Australia and the Antarctic Treaty System

A Twin Otter flies over flags, planted in the ice, of countries participating in a geophysical research project.
The Antarctic Treaty system supports scientific collaboration in Antarctica. Here a Twin Otter flies over flags of countries participating in a geophysical research project. (Photo: BAS)
Members of Treaty Parties meeting in a large building decorated with Treaty countries' flags.

Activities in Antarctica and its surrounding seas are governed by a unique set of agreements between nations known as the Antarctic Treaty system. The Antarctic Treaty system is made up of four major international agreements:

These agreements are legally binding and purpose-built for the unique geographical, environmental and political characteristics of the Antarctic and form a robust international governance framework for the region. Legal obligations apply to all countries signatory to the agreements. The Antarctic Treaty system is a global achievement and has been a hallmark of international cooperation for more than 50 years.

Australia was one of 12 original Parties to the Antarctic Treaty. Many countries have acceded to the Treaty since it was signed in 1959. All countries with an active interest in Antarctica are Parties to the Antarctic Treaty. Parties meet annually at the Antarctic Treaty Consultative Meeting (ATCM), in conjunction with the Committee for Environmental Protection. Australia held the very first ATCM in Canberra in July 1961. In 2012 Australia hosted the 35th ATCM in Hobart.

The Antarctic Treaty puts in place principles for the governance of the region including: freedom of scientific investigation and the exchange of scientific findings, non-militarisation of Antarctica and the Southern Ocean, and accommodating the positions of all Parties on issues of sovereignty.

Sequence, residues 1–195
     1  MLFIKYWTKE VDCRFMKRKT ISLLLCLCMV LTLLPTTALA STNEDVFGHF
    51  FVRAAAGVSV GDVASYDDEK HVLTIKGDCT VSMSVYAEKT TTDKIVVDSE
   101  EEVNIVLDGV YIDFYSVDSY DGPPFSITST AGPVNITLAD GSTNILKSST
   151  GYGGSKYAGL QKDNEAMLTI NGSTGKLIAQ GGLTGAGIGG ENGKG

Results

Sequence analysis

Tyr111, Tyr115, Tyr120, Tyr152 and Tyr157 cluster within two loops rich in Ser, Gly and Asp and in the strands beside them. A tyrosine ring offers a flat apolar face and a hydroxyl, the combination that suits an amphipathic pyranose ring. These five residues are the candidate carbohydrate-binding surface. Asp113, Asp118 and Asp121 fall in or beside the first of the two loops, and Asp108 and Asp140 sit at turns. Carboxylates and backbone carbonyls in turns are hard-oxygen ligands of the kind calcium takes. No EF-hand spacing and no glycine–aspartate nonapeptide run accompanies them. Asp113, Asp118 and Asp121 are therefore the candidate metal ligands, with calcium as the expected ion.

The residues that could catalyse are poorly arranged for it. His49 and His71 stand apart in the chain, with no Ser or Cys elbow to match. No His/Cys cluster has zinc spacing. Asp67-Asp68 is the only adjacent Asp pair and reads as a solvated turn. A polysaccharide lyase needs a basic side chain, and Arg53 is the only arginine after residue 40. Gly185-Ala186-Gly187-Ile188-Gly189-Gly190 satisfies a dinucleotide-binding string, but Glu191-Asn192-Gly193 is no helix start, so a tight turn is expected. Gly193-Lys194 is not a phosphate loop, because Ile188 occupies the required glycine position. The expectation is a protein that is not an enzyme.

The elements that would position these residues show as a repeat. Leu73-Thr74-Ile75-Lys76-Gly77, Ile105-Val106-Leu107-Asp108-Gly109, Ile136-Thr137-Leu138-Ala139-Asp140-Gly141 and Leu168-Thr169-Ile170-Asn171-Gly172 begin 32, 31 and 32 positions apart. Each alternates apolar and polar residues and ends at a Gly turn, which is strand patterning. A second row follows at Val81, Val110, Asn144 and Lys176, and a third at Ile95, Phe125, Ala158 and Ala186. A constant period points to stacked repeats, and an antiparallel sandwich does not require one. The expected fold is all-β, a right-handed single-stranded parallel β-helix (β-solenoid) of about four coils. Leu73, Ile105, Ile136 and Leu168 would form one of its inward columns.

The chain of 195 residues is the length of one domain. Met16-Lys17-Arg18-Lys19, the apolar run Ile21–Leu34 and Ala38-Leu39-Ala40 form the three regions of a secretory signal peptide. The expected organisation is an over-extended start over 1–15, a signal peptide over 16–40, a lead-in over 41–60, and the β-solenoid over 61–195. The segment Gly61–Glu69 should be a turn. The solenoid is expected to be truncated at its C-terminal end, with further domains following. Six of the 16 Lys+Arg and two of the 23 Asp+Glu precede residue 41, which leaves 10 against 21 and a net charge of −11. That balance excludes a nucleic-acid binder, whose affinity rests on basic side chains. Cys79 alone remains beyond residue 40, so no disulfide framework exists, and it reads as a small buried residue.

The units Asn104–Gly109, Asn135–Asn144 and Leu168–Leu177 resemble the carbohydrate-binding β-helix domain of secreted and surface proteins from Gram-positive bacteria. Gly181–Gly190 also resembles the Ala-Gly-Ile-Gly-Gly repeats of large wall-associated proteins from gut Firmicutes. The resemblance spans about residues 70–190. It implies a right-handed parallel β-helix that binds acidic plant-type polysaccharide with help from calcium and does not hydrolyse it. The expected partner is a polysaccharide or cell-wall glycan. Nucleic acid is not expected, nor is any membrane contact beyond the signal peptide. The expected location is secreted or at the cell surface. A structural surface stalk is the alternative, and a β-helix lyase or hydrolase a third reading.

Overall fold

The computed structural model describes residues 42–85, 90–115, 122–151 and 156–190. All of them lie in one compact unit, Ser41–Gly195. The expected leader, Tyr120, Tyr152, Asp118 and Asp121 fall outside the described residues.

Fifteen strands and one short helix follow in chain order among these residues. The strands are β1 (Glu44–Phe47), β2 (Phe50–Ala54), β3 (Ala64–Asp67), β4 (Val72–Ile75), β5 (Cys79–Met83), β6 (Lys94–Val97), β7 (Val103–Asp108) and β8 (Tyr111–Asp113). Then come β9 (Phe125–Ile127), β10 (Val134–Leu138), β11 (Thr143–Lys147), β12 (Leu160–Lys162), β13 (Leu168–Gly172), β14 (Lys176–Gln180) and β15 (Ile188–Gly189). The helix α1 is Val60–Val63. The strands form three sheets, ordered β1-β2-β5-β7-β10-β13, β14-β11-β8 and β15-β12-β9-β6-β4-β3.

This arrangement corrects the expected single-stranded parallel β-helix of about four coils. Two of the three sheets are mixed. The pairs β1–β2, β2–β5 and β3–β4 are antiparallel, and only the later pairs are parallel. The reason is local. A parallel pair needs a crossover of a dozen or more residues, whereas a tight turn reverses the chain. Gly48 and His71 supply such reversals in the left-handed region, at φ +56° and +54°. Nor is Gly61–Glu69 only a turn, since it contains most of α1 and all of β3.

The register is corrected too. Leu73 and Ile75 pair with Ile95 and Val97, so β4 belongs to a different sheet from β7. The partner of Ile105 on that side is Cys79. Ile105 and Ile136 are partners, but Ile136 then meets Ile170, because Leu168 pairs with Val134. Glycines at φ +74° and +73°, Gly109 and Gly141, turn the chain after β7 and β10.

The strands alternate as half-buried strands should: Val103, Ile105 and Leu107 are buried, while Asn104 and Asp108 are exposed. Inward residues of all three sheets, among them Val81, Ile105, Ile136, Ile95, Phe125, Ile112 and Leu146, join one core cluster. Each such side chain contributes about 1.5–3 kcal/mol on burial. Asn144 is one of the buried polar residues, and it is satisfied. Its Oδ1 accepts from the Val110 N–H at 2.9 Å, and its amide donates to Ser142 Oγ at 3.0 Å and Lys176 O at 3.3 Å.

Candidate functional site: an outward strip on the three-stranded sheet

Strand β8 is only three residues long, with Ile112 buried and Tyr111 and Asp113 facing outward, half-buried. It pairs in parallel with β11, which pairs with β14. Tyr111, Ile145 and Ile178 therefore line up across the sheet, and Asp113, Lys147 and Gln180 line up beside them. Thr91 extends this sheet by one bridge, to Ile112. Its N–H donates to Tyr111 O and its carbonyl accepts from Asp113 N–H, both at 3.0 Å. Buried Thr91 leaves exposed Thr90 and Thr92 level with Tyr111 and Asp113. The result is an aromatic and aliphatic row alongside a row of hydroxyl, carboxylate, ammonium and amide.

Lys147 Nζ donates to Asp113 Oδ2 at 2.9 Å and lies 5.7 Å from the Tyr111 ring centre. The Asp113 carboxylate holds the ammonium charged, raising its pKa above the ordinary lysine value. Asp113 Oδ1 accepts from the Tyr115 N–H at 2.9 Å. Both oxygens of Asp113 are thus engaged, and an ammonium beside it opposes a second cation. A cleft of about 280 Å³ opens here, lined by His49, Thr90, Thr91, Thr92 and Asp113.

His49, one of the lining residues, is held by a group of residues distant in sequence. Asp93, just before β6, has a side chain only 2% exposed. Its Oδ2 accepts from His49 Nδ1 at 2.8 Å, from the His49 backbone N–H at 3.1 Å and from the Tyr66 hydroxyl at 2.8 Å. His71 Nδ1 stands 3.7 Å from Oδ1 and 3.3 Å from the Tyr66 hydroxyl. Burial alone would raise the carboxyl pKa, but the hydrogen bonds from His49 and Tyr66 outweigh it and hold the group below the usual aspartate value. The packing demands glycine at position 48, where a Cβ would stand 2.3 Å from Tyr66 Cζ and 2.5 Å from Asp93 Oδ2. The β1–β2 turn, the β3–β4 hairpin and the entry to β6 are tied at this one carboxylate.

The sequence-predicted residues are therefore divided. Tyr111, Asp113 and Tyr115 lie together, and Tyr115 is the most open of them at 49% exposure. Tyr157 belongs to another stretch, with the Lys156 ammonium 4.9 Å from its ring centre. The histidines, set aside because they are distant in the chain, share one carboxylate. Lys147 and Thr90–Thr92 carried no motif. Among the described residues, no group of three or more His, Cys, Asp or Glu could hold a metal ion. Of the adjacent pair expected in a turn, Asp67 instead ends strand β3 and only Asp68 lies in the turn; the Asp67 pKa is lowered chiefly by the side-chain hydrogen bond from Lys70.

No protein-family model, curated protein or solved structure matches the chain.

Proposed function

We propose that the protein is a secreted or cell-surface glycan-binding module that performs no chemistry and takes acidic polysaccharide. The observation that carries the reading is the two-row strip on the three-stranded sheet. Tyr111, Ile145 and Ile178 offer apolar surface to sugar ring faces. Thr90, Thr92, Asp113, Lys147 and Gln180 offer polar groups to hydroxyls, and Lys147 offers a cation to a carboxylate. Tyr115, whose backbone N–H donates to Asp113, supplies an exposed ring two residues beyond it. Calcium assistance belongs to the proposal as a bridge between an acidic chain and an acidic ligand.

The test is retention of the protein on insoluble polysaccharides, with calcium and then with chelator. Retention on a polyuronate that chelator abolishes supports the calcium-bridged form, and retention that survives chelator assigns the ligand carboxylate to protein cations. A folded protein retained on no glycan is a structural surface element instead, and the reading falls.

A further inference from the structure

The Protocol on Environmental Protection to the Antarctic Treaty comprehensively protects Antarctica as a natural reserve devoted to peace and science. Under the Environmental Protocol, mineral resource exploration, mining and oil drilling is banned indefinitely and the environment must be a fundamental consideration in the planning and conduct of all activities in Antarctica. The Protocol also provides for information exchange and a system of inspection.

Australia is also an original party to the Convention on the Conservation of Antarctic Marine Living Resources, and Hobart hosts its headquarters and the annual meetings of its Commission and Scientific Committee. The Convention’s objective is the conservation of Antarctic marine living resources, where the definition of conservation includes rational use. The Convention was the first international agreement to apply an ecosystem approach to marine living resources conservation.

Australia works closely with fellow Antarctic Treaty parties to ensure the effective governance of the region, to undertake important scientific research, and to conserve and protect Antarctica’s unique environment.

Australia has strong and longstanding interests in Antarctica which are protected by the Antarctic Treaty system. The Antarctic Treaty system maintains Antarctica’s freedom from strategic or political confrontation, protects its unique environment, and safeguards our sovereignty over the Australian Antarctic Territory.

Learn more about the Madrid Protocol, the Committee for Environmental Protection and the Australian Antarctic Division’s environmental research in the video below.

[Video]